Last Friday I went to De Montreal at the ATA, which presented the work of nine Montreal-based video artists. I thought that overall most of the films spent too long saying too little or were too oblique, but a few of them were interesting.
The first, "Where Time is the Protagonist" by Ilinca Balaban was an 8 minute series of unrelated video mostly of lockers and people bowling and bowling pins and a racecar video game. It was slowly paced, and isolated the objects in the video. It "eschew[ed] formal linear narrative for a more surreal and abstract depiction of imagery culled from the everyday... Human activity is rendered impotent..." Which was visually interesting for about 30 seconds. I spent the first 7 minutes wondering why I was being presented these languid shots of inanimate things, mildly annoyed by Balaban's indifference to me, the viewer. Then in a section of racecar video game the pixelated passenger in the car asks the driver with a speech bubble, "What were you thinking about?" And the driver replies, "I was just trying to figure out where we're going." Which made me reflect on my own mental process while watching the film.
I have recently been evaluating art I see on how it affects me and other viewers/partcipants, as important a metric as formal aesthics and conceptual and cultural significance. By this standard my favorite was "Don't Laugh" by Valerie Boxer, where Valerie, wearing big plastic gorilla teeth admonishes the camera person not to laugh while she eats a banana with the fake teeth. It was funny, especially as she claimed on film to be trying to get into the character of a monkey and the whole banana-eating process didn't go well.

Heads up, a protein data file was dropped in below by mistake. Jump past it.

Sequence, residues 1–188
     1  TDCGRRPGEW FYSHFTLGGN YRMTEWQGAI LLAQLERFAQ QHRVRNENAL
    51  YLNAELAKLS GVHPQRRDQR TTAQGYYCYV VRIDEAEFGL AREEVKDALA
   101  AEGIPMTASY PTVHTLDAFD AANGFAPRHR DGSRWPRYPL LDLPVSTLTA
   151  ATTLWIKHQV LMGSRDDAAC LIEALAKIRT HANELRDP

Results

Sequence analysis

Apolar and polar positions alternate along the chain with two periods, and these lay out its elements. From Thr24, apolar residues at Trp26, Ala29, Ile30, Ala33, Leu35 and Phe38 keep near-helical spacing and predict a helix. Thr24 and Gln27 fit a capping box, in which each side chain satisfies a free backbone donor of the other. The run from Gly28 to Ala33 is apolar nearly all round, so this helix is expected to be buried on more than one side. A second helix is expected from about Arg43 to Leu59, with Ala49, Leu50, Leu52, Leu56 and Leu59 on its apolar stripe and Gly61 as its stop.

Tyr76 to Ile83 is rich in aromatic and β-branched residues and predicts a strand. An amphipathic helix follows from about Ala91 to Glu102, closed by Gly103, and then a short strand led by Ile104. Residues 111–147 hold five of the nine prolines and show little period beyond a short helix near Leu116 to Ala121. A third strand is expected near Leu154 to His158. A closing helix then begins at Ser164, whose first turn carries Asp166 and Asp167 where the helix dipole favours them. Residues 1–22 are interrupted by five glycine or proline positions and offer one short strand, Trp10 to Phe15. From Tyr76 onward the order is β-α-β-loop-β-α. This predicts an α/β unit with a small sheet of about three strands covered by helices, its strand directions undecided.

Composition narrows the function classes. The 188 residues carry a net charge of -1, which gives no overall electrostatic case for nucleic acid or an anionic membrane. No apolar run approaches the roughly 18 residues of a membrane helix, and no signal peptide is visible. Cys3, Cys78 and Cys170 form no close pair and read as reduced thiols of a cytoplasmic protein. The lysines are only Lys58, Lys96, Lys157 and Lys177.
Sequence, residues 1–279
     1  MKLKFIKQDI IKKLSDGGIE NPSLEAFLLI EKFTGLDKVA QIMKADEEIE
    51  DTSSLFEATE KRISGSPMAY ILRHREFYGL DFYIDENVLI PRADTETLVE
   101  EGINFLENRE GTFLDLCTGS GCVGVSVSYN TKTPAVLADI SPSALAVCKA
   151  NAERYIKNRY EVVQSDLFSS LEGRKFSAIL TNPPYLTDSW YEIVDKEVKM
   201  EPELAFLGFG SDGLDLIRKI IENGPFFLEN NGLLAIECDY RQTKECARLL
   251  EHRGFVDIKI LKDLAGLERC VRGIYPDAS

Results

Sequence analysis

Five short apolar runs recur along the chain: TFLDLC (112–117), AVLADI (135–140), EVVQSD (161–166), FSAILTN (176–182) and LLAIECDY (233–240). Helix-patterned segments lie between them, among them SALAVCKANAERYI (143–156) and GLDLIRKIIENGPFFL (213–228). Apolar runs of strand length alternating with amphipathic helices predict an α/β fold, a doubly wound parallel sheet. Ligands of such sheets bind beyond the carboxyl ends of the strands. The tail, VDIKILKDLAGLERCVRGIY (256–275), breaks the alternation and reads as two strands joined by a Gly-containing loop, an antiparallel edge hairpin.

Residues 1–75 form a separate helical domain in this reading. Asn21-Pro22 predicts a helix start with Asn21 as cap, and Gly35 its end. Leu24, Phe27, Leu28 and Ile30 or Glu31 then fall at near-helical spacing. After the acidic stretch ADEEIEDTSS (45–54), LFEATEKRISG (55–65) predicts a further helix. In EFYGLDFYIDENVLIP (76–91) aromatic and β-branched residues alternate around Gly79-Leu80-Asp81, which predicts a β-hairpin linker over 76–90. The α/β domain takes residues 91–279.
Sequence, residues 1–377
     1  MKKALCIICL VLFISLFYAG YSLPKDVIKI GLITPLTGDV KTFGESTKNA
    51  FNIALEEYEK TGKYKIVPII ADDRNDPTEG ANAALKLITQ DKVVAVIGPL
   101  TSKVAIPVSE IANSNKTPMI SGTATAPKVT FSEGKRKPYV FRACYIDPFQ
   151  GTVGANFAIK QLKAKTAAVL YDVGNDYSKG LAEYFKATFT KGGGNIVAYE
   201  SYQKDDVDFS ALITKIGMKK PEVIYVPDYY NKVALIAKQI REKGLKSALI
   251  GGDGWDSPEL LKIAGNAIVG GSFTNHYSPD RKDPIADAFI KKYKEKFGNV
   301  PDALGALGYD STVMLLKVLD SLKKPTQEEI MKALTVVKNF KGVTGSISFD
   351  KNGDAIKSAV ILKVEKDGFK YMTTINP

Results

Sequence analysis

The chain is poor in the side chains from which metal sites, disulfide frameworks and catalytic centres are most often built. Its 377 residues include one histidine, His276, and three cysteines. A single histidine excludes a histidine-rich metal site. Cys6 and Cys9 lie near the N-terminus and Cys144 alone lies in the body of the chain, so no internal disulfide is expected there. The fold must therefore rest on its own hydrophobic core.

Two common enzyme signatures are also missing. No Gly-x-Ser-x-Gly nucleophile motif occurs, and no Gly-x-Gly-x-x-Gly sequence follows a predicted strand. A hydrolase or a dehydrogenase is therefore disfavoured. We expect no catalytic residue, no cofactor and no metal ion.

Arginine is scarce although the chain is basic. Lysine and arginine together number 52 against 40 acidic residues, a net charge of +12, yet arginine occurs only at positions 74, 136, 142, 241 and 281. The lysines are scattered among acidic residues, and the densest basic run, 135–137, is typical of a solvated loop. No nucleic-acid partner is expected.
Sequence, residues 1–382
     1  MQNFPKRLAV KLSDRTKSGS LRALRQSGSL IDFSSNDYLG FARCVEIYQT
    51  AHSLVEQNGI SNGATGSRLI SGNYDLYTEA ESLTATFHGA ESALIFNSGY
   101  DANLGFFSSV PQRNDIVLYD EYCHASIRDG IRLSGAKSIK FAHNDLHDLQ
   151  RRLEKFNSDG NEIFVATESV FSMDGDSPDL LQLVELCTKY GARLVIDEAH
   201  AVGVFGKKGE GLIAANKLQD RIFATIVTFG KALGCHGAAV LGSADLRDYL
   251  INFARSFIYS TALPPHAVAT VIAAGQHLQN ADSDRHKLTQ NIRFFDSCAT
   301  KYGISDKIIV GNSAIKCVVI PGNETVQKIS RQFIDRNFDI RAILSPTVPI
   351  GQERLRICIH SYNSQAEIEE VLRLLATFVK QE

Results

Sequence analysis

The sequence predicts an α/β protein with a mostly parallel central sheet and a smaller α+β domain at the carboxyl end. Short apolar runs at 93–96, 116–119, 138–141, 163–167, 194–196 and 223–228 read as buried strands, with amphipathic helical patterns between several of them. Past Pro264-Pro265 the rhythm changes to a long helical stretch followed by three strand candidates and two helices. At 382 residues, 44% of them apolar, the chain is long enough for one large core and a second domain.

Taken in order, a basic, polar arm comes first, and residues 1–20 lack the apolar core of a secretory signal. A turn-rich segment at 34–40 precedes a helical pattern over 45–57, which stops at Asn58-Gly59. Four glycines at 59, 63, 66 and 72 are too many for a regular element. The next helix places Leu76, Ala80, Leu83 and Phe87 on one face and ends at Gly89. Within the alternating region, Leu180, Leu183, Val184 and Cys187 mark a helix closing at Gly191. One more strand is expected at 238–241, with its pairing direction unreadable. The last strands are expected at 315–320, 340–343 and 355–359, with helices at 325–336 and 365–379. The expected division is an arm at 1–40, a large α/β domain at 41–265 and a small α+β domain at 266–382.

The best was the last film, "Pine" by Ali El-Darsa. The film was moody and out of focus. The cinematography was lovely and functioned well as metaphor. A man comes home to his apartment, through the dark halls of the apartment building. He goes into the bathroom, looks in the mirror. The video comes into focus as he looks at himself, leaning over the counter to the glass, and then out of focus. He takes off his clothes and gets into the bath, and the film cuts to what could be his fantasies: he and another man making out naked. This cut is focused, some bedroom with daylight, with that raw ametuer porn-style of filming. Our protaganist ejeculates and the film cuts to him alone in the dark bathroom, mulling over the sex scene, out of focus. The shots of his face out of focus were especially poigniant. It was pleasant to have such sensical narrative after the "abstract" and "non-linear" films preceding and the content was raw, direct, and human, rather than the obtuse, oblique, removed preceding films such as "time.date.direction."